In the words of the legendary Hannibal Smith, leader of the A-Team, a group of crack commandos fighting against the forces of evil on the telly in the 80s - “I love it when a plan comes together” .......

The plan in this particular Scottish episode was to build a vertical whisky distillery, a deeply complex proposition. Complex because you need to be able to move many tonnes of liquid to a great height, in a building built on reclaimed land in constant gale force winds, all the while with hundreds of people moving through the building at all hours. And yet this very hair-brained plan is what came together for the Port of Leith Distillery.

The brains behind this malted monolith are childhood friends Paddy Fletcher and Ian Stirling, an idea that was spawned from their sofa while sharing a flat in Vauxhall, London. Increasingly underwhelmed by their chosen careers in their 20s, they started experimenting with whisky production in their back garden. [While on the 1980s TV theme, we’re thinking Jesse Duke cooking up moonshine in the Dukes of Hazzard].

They both grew up in Edinburgh when the area around Leith was becoming increasingly unloved and run down. The Port of Leith had been an epicentre of Scotch Whisky in years gone by and it only seemed fitting that they bought it back to the Port. Ian and Paddy founded the wine and spirits producer “Muckle Brig” in 2014, on a shoestring with the dream of building a whisky distillery. While the plans for this were still fermenting (sorry!) Muckle Brig became the corporate overlord (Paddy’s words, not ours) for the Port of Leith Distillery, Lind & Lime Gin (also made in Leith) and the Leith Export Company.

Edinburgh punches way above its weight in the size of the city vs the tourist influx every year, and to a man, woman and child, everyone is there with one thing in mind - whisky! To get the traditional Scottish experience, you normally throw in at least one field of heather, a few oak barrels, and a roaring fire in the hearth. And for this you must go to the Highlands.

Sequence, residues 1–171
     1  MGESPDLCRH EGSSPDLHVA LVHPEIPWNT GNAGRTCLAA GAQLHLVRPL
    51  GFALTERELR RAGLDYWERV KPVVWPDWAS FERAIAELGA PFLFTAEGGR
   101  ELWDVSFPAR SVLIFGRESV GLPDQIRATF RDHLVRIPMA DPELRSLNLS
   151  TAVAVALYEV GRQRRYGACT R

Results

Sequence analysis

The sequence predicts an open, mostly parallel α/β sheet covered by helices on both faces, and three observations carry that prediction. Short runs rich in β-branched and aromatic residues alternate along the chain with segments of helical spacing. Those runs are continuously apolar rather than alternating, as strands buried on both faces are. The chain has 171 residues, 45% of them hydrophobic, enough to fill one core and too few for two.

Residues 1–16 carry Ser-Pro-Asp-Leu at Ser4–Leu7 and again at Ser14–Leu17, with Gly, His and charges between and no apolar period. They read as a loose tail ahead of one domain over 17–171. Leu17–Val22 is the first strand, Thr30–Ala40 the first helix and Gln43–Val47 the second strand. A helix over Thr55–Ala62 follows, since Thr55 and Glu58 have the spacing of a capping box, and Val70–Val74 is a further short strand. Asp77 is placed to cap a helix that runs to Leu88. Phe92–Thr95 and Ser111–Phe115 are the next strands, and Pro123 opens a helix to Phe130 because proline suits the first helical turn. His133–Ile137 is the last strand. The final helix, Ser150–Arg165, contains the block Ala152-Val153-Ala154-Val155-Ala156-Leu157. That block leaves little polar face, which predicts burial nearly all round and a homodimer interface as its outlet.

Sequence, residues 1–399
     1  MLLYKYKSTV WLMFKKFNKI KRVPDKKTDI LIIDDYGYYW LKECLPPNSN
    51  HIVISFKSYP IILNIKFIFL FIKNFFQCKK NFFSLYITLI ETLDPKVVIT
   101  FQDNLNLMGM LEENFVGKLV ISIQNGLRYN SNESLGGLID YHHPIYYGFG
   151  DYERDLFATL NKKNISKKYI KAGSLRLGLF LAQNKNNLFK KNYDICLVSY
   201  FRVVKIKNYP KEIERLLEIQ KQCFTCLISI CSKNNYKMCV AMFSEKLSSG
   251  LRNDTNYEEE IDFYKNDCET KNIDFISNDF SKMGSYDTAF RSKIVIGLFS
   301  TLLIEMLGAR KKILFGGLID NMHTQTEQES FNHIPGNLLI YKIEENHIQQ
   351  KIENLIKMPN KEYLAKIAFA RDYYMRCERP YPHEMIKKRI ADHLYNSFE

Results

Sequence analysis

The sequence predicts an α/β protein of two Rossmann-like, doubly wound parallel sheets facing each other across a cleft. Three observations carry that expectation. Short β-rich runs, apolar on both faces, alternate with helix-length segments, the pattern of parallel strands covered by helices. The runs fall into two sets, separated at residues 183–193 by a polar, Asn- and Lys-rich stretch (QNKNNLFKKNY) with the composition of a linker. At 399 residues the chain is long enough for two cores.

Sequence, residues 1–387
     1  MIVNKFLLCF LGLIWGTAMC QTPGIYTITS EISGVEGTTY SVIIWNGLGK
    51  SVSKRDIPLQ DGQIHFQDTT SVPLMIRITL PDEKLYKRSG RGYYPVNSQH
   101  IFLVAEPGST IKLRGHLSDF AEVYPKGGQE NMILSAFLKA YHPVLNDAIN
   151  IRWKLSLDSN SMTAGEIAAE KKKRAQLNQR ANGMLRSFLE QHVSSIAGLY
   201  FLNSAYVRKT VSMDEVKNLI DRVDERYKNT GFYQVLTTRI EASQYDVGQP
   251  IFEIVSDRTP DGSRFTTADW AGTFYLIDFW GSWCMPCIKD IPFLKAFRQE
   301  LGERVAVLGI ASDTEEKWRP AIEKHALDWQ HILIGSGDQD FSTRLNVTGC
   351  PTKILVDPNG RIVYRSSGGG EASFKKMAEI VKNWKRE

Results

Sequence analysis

But these guys always wanted to build something modern and forward-facing. Something which recognised a different kind of heritage in Leith that they could build upon. Everyone in the world thinks Scotch Whisky is old and all about heritage, if you have none of these things you can’t try and invent it, so they flipped it on its head and said, “We will embrace modernity”. They wanted a brand-new building which didn’t look like any other whisky distillery, and it gave them the freedom to design this somewhat ‘ludicrous” tower (again, their words not ours. Actually, we rather love it).

Most distilleries are laid out horizontally as you have huge amounts of liquid moving through the different stages of the whisky making process, so nobody in their right mind does that vertically. But this intrepid pair decided to put the fun stuff at the top, (the bar, the tasting floor), and below it, the manufacturing process. A little like Willy Wonka’s chocolate factory, you're not sure what floor you're going to next. The 360-degree views from all floors are incredible, overlooking the Port and the North Sea. They thought the money shot would be the view of the Castle, but everyone looks out to the Port and at things they have never seen before.

The team at Port of Leith have turned this council planner’s nightmare (the ‘fun floors’ are sitting upon a potentially explosive production process) into a reality. The amount of
fireproof paint used within the project is incredible due to the nature of the production. When the Zombie Apocalypse comes, head to the Port of Leith shouting “To the Distillery now” as it’s practically bomb-proof.

This year is the first big year of production, and it takes a minimum of 3 years until it can be shared. You heard it here first, so get your name down for a wee dram or two. We for one are fully signed up and cannot wait. Follow the team @portofleithdistillery